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Can You Legally Force Someone to Get Treatment?

By Christopher Coble, Esq. | Last updated on

What do you do when someone you love refuses to get help for health, psychiatric, or addiction issues?

An upcoming episode of Keeping Up with the Kardashians will focus on the Kardashian family's struggles to convince Rob Kardashian to get treatment for alleged drug abuse and depression. Despite their efforts to take Rob to several treatment facilities, he apparently refuses their help. In the show's preview, Khloe pleads with Rob to get help, but he seemingly rebuffs her exhortations.

This is a situation that many families can identify with. You may think that your loved one needs treatment, but legally, what can you do if he or she absolutely refuses?

5150 Hold

Often, there is not much that you can do. An adult is allowed to make his own decisions regarding medical treatments. Usually, you can't force someone to go to therapy or get psychiatric treatment. However, if you believe that your loved one may be a danger to himself or to others because of a mental condition, in California, for example, you may want to consider a 5150 hold.

A 5150 hold refers to Section 5150 of the California Welfare Institutions Code. The statute states, "When a person, as a result of a mental health disorder, is a danger to others, or to himself or herself, or gravely disabled, a peace officer...may, upon probable cause, take...the person into custody for a period of up to 72 hours for assessment, evaluation, and crisis intervention."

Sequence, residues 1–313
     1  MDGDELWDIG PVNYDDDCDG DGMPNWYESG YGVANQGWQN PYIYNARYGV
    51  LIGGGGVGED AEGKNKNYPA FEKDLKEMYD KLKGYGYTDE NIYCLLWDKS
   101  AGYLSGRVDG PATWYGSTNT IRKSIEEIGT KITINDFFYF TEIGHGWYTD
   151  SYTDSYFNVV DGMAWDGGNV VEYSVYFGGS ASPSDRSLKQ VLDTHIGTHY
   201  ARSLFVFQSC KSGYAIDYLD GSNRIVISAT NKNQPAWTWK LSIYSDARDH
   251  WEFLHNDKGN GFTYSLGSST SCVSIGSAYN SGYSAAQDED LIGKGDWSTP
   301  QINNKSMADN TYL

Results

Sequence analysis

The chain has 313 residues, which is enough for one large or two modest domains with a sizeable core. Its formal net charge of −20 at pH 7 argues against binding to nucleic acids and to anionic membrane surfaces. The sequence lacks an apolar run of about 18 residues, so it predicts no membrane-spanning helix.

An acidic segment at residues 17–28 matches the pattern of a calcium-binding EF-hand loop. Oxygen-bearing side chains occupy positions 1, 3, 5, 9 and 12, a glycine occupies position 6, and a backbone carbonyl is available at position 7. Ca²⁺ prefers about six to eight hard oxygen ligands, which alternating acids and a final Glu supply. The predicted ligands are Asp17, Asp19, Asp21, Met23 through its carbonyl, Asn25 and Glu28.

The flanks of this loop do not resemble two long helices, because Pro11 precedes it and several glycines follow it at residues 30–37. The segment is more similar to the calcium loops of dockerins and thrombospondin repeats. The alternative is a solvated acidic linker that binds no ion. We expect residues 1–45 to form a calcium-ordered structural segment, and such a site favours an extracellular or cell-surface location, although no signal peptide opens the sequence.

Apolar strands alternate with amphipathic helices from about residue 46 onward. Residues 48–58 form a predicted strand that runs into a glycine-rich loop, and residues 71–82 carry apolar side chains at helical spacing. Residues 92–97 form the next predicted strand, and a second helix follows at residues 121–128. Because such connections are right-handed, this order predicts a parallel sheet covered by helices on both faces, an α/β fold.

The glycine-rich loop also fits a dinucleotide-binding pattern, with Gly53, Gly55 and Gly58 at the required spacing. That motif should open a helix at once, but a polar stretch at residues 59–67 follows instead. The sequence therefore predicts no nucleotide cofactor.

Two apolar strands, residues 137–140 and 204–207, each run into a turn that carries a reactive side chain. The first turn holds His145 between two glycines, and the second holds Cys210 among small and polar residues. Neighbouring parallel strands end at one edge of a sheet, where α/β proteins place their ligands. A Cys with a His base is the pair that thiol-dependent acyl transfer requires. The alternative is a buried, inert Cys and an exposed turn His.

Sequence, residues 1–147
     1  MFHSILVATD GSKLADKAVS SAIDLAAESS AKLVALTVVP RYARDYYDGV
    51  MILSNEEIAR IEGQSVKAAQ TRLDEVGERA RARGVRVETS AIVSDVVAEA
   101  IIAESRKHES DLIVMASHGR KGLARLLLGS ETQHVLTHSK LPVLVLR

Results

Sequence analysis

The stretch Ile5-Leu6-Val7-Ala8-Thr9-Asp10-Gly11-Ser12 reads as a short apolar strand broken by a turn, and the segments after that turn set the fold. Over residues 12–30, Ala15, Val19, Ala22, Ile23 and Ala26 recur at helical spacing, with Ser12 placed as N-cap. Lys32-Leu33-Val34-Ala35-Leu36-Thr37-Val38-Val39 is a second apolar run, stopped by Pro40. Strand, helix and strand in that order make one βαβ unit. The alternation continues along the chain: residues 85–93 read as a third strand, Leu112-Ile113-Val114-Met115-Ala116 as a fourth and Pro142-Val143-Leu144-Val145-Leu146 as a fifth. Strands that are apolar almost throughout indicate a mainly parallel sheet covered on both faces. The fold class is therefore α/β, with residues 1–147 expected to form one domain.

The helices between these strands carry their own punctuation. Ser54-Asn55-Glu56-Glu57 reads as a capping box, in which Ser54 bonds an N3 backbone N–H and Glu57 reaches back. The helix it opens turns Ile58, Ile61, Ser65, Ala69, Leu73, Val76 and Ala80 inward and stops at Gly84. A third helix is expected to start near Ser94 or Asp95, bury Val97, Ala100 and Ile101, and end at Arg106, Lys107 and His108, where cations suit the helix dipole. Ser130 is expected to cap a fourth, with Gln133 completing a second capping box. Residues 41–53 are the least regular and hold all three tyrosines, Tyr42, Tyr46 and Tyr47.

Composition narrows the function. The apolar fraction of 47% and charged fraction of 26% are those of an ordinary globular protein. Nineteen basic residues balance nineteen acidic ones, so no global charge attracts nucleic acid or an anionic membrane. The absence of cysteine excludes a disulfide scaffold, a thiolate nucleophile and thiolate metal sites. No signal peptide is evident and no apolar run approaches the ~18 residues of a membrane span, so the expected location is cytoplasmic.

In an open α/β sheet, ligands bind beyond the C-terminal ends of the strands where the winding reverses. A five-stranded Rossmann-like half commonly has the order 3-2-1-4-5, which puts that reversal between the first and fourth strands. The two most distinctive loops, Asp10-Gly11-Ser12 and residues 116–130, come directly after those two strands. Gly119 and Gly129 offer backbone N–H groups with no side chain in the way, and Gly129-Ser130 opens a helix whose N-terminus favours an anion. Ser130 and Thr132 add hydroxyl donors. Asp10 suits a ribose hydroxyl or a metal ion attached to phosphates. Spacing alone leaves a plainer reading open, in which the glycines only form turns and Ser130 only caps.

When the police or a doctor puts someone on 5150 hold, the person is taken to a hospital with mental health services for an evaluation. If, after 72 hours, doctors believe that the person's mental condition makes him gravely disabled or a danger to himself or others, the doctors may recommend a 5250 hold for 14 more days of intensive treatment.

Once those 14 days are over, the person is free to leave if he wants to.

LPS Conservatorship

Another possible avenue is to seek conservatorship of your troubled loved one.

Again using California as the example, an LPS conservatorship is a mental health conservatorship that makes one adult, the conservator, responsible for another mentally ill adult, the conservatee.

An LPS conservatorship is for people who are "gravely disabled as a result of mental illness," including schizophrenia, bipolar disorder, clinical depression, or obsessive compulsive disorder. This is not an option for people with alcohol or drug addictions.

A conservator has the power to make medical decisions for the conservatee. The conservator can consent to mental health treatments, place the conservatee in a locked facility, or agree to the use of psychotropic drugs even if the conservatee disagrees, as long as a medical professional thinks the treatment is necessary.

LPS conservatorships only last one year, and a conservator must reapply each year to maintain the conservatorship.

While the 5150 hold and LPS conservatorship are California specific, other states may have similar measures. These are drastic measures that should only be pursued when absolutely necessary. Although it is frustrating and saddening, we usually can't force our loved ones to get help or treatment. Even if we could, the treatment would only be effective if our loved ones want to participate.

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